Friday, November 30, 2012

Worry..Oh, Worry....

As we all know, some people worry too much. Rather than solving a problem, too much worry becomes the problem. Not only does excessive worry create personal suffering, but it also affects the people around the worrier. Worry is a fairly common, but potentially serious, condition. A recent survey suggests that one-third of all office visits to primary-care physicians are associated with some form of anxiety. Furthermore, it has been estimated that one-fourth of all people, over the course of a lifetime, will at some point suffer from symptoms associated with an anxiety-related diagnosis. The stress which accompanies worry can have serious physical implications, including an increased risk for blood pressure and heart ailments, depression, immune system deficiencies, and cancer.

  • Find Connectedness: When we feel connected to something larger than ourselves (a group of friends, our families, work, a sense of the past, ideas, and religious or transcendent faith), we are less likely to worry.
  • Seek Advice and Reassurance: We all need supportive feedback from others from time to time. Other people may have solutions to problems that we haven’t thought about. For reassurance, find people who know how to give it. Many of us spend a lifetime looking in all the wrong places for approval•
  • Understand the Difference Between Good and Bad Worrying: Good worry implies having a sense of control in solving life’s problems. It involves examining alternatives and then coming up with a systematic plan for meeting a challenge. Unproductive worry involves engaging in repetitively hashing over the same ideas time and again, negative thoughts, and no real plan for meeting the challenge.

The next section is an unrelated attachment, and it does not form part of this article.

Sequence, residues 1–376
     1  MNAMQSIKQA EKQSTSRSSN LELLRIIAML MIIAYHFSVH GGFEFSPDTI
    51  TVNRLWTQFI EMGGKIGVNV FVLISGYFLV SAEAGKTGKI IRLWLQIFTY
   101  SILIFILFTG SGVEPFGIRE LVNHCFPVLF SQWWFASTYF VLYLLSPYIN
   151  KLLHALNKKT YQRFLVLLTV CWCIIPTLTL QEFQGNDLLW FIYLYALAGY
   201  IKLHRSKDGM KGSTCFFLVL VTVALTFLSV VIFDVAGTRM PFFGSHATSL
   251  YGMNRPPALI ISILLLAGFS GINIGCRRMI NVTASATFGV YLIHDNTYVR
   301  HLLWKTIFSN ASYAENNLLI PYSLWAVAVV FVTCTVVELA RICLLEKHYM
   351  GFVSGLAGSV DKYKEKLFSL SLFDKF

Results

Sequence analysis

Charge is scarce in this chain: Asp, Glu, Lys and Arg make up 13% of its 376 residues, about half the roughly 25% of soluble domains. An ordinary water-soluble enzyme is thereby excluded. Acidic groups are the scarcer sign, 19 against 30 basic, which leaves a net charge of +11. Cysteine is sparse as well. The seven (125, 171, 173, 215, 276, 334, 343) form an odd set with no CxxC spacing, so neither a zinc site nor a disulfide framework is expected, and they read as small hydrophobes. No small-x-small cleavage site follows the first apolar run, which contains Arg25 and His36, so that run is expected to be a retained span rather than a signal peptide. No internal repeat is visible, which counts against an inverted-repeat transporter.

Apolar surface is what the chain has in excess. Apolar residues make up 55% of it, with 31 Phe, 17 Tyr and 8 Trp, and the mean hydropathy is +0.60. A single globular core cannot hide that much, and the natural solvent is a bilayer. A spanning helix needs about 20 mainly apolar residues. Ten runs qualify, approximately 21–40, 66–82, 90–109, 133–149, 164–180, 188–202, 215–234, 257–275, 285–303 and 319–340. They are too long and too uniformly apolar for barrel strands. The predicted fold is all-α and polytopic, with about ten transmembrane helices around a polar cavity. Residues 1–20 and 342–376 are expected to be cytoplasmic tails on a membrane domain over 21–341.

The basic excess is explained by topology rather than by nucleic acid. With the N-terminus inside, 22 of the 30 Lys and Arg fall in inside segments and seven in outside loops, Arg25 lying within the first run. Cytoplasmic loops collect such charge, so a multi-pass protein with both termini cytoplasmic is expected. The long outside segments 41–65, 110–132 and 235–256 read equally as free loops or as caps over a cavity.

• Try to Do the Right Thing: Maintain your sense of integrity whenever you do something. Tell the truth. Obey the law. Keep to your promises. Let your conscience be your guide. Granted, we might tell an occasional lie or break a promise, and this is fairly common – but it also can set the stage for worry. We may think sometimes that we can get ahead in the world the easy way – but the price we pay could be excessive worry, among other penalties.
  • Keep Yourself Financially Secure: Live below your means and put money into a savings account. Pay off credit card debts. Consider ways to live more simply as a way of managing your finances.
  • Learn the Value of Judicious Complaining: Sometimes it helps to talk your way through a prob-
    lem by complaining about it. Find a trusted friend
    and just let it all out. And then have a good laugh
    about it afterwards. If a friend is not available, write
    out your complaints.